Many parents understand that if they are not married to their child’s other parent, they may still be responsible for financial support. Paying child support may seem straightforward, as it is typically based on the parents’ levels of income. However, the income of many people tends to fluctuate, whether that is because payment for their job varies or because they have periods where they receive less or no pay. Fortunately, courts in North Carolina will take income fluctuations into account when determining child support.
For those whose income changes unexpectedly, perhaps due to a job loss or a change in the level of compensation, the court will want to know why. If the person can show that the change was uncontrollable, such as in the case of a layoff or demotion due to fluctuations in business, the court may be more understanding. However, if the parent chose a lower-paying job or got fired, he or she may still be expected to pay the same amount of support. In either case, the parent may have to show evidence that he or she is actively looking for employment at the previous compensation level.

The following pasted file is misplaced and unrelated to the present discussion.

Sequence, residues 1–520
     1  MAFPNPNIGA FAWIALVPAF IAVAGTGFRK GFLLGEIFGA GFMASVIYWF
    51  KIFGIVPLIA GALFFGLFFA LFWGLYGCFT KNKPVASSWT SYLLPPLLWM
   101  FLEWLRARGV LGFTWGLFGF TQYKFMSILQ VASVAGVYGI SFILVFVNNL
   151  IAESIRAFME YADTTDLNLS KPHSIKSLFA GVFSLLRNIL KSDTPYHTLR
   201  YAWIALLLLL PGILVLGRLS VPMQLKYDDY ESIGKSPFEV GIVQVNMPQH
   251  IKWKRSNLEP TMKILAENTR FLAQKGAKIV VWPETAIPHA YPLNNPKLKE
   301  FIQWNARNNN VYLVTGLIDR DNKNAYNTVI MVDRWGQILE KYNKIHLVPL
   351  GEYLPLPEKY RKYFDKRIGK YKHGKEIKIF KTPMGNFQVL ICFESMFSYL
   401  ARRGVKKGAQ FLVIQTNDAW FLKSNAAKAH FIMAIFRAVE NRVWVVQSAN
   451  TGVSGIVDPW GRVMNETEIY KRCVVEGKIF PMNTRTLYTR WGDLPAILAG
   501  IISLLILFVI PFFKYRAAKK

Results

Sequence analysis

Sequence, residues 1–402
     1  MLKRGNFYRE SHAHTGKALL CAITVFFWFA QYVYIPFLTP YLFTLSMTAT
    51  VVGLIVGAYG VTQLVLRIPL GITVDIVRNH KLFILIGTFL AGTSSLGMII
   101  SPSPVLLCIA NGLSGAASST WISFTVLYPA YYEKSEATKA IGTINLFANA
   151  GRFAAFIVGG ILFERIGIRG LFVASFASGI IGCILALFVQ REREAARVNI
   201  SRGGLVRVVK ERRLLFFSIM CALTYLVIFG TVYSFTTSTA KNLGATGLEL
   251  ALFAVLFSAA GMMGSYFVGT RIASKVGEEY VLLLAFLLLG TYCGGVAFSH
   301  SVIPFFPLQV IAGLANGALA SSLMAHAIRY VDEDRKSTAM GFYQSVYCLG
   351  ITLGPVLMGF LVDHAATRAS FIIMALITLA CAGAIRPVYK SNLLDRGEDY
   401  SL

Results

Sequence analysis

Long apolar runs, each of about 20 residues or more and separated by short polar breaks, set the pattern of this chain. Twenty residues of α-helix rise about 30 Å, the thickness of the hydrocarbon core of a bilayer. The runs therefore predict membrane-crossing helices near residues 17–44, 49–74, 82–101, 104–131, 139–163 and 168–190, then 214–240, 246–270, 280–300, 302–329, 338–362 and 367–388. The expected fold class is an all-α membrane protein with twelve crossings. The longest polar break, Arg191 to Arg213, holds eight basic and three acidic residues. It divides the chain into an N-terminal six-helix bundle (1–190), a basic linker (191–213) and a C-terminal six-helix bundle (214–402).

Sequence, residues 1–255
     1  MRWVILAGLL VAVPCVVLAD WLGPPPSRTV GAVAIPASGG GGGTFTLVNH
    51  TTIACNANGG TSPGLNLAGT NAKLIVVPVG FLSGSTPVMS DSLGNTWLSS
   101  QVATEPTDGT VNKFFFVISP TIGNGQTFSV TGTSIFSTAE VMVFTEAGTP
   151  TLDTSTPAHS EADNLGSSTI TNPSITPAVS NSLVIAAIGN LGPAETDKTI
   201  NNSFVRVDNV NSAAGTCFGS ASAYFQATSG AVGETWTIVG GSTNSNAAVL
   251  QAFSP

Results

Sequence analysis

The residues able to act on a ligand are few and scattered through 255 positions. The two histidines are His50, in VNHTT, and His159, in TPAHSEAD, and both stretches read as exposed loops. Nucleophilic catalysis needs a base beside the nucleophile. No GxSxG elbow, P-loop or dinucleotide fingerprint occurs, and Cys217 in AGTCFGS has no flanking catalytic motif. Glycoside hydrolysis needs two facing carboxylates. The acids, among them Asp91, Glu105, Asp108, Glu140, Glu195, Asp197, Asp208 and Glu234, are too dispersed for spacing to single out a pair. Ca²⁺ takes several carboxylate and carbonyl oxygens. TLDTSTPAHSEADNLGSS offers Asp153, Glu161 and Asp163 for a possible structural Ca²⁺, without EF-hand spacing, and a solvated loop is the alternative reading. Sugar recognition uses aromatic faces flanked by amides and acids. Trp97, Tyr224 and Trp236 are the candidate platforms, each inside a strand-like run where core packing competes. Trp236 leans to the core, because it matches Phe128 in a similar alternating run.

Some people have jobs where they don’t make the same amount of money each month. Perhaps they work on commission or own their own business. It may make sense to arrange to pay a percentage of income, with minimums and maximums built into the plan. The parent may not wish to give specific information regarding income to the other parent, but using a neutral third party, such as an accountant may help avoid this problem.
Whatever the parents’ life circumstances may be, the one thing that will not change is the needs of children. Money helps provide care for kids, whether it pays for food, housing, education or other necessary costs. If two parents cannot agree about child support payments, working with a family law attorney may be the next step. An attorney will work to make sure a new or existing agreement is fair to all parties involved and prioritizes the care of the children it serves.